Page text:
By Ashoka Jahnavi Prasad
"Affirmative action" is a governmentally required positive effort, beyond elimination of discrimination, to seek out and employ persons of groups that have been discriminated against.
It is a requirement now imposed on all Federal contractors, which includes almost all employers. Now required as part of a program of affirmative action are "goals" and "timetables" - how many of each protected group the employer hopes to add in a given period of time.
The failure to reach a goal in a given time will not necessarily be considered evidence of discrimination if the contractor can show "good faith" efforts to reach the goal.
There is no reason why the principle of affirmative action should not apply to the admissions practices of institutions of higher education--they are also prohibited from discriminating--and goals and timetables imposed on them, too, though up to now that has not been done.
Thus I consider not only the special problems of the use of goals and timetables to hasten the employment of faculty in universities and colleges, but the validity of this approach in general, for all employers, and for the processes of admission to institutions of higher education.- Nathan Glazer ,Harvard University
I have been listening to the voluble debates on 'affirmative action' triggered by Vice-President Hamid Ansari's remarks that the Muslims in India have been left so much behind on all socio-economic parameters that an affirmative action initiative was called for to ensure that they do not lose out any further.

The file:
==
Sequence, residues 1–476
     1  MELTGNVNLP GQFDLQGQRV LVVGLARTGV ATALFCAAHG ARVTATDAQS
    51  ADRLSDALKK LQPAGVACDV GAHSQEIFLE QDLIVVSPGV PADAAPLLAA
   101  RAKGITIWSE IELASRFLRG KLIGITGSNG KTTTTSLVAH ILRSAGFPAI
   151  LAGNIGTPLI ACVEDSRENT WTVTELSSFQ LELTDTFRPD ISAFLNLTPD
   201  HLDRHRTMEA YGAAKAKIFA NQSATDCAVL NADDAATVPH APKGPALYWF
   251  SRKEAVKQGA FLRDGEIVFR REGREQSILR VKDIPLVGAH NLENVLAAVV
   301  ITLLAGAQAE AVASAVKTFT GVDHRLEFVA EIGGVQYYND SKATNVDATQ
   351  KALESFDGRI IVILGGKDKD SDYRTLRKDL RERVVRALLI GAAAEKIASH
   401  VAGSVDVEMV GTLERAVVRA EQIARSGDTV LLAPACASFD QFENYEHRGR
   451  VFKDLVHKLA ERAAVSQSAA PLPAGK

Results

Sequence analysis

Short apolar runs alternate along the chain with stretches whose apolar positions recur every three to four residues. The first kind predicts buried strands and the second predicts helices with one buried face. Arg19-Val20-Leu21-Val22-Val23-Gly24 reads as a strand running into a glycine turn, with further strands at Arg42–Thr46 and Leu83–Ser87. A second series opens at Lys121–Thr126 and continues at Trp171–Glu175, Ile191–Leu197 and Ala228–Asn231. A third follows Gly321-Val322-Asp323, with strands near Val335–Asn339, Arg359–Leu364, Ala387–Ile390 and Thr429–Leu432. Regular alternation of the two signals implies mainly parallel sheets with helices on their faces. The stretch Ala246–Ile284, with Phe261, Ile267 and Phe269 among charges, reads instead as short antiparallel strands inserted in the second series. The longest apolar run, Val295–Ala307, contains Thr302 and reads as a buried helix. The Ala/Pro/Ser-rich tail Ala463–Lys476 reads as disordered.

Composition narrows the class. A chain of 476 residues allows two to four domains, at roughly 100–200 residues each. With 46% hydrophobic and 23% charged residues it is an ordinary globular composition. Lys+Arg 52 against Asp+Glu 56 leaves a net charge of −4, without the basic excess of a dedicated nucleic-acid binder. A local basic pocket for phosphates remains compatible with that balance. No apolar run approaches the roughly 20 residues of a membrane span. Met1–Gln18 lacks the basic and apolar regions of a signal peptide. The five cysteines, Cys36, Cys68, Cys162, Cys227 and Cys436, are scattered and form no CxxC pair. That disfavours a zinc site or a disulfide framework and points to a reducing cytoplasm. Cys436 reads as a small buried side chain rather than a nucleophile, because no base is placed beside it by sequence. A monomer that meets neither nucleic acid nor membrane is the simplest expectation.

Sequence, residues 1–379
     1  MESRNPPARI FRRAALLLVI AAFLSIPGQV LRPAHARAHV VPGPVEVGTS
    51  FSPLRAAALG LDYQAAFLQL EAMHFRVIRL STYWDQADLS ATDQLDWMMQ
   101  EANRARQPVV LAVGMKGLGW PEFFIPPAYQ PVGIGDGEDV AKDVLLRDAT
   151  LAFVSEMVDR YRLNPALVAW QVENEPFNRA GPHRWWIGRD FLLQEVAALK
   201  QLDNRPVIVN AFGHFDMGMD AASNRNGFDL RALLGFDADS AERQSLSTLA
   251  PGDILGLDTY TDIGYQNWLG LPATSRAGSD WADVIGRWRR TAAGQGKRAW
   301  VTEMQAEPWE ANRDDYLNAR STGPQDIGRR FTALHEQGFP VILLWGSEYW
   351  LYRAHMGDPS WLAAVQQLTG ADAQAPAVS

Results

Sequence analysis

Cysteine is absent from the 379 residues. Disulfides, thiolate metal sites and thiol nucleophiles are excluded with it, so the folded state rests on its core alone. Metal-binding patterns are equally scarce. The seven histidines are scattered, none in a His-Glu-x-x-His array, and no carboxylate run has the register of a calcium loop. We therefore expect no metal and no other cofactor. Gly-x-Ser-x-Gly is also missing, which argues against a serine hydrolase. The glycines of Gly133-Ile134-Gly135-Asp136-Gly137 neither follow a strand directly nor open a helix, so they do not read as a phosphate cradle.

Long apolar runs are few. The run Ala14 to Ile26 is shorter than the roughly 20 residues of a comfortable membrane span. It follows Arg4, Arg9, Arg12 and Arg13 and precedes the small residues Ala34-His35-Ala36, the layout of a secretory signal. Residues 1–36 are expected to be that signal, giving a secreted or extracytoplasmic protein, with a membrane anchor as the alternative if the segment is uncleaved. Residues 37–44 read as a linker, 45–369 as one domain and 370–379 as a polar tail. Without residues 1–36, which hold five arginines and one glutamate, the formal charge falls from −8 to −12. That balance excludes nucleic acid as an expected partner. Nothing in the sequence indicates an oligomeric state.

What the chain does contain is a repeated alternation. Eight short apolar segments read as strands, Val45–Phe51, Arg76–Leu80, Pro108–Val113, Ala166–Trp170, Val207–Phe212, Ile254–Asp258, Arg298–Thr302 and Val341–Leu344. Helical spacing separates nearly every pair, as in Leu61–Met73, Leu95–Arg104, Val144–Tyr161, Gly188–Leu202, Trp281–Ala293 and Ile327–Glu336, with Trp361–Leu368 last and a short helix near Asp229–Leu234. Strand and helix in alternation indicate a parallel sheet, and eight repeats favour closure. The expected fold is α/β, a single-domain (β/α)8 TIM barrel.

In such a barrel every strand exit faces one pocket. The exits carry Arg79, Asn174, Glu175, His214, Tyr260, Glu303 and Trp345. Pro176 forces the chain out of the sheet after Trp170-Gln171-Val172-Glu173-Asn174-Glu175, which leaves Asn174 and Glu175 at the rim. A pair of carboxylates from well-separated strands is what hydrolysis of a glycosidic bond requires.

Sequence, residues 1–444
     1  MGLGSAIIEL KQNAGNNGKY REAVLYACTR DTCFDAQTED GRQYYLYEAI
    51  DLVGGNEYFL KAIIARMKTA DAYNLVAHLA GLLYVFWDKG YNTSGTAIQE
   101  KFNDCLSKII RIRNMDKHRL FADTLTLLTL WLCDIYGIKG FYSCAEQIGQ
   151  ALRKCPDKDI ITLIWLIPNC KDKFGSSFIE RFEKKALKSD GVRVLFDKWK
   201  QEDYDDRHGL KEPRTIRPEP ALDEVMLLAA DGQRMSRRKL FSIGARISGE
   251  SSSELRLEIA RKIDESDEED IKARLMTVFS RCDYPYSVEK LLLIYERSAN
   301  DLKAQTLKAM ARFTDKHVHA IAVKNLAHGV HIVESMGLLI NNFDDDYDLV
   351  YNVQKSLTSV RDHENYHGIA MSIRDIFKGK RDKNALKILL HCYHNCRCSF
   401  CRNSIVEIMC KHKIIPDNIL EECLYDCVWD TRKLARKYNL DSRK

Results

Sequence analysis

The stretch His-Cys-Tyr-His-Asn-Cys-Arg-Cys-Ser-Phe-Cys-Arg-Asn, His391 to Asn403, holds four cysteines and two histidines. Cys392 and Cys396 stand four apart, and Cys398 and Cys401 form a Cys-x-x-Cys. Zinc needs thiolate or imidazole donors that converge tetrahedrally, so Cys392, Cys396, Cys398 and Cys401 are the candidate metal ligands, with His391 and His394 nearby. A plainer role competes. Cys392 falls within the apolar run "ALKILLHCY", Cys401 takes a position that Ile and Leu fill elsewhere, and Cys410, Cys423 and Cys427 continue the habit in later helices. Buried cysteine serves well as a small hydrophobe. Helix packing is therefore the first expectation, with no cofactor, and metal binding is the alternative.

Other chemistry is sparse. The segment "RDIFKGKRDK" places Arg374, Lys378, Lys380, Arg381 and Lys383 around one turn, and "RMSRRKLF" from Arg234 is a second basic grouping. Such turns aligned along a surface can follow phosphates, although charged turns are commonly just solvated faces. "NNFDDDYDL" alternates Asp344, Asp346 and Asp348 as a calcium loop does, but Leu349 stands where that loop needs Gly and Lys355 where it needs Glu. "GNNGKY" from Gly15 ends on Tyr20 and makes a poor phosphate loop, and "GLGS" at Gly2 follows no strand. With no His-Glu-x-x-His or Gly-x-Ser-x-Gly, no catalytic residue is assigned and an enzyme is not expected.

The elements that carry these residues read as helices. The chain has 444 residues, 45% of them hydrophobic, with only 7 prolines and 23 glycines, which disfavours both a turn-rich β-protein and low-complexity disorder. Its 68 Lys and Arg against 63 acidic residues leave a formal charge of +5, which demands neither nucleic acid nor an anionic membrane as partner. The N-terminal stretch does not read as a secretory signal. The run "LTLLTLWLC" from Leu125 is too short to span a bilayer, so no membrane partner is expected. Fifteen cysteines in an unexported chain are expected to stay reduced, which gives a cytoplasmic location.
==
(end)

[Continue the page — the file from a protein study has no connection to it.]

These debates have been fierce and bad tempered. The Vice-President was censured by a section which had drawn the inference that this was a call for institution of Muslim quotas which they were vehemently opposed to. Arnab Goswami seemed to belong to this group. On the other hand were politicians from the MIM and similar organizations who again believed that this was indeed a call to introduce Muslim quotas which were justified and needed.
Both groups were way off the mark. There is a very fundamental difference between 'affirmative action' and the so called 'quotas' . As the renowned sociologist Theodor Adorno had to say - An affirmative action goal provides a target to strive for and to measure the success of your recruitment efforts.A quota indicates that the result is pre-determined and inflexible.
Having lived in the United States for several years, I have myself been a witness to the efficacy of affirmative action in that country. Most Afro-Americans, Hispanics and women now in positions of authority would not have made it had it not been for affirmative action measures -and they freely acknowledge it. The remarkable feature here is that most of these disadvantaged groups have fiercely opposed quotas as a solution. Martin Luther King Jr.and Malcolm X were completely opposed to quotas.
It was therefore with a sense of disbelief I witnessed the tenor of the these recent debates in India. Even a senior journalist like Arnab did not seem to appreciate the difference between the two widely different concepts.
It is widely accepted that Muslims indeed have lost out and are consequently not in position to collectively enjoy the benefits of the rights the Constitution generously confers upon them. We can have a debate on how to ameliorate this -affirmative action or some other measure.
But let us understand the Vice-President's anguish - that about one sixth of the total population is in throes of backwardness and we ignore this at our own peril.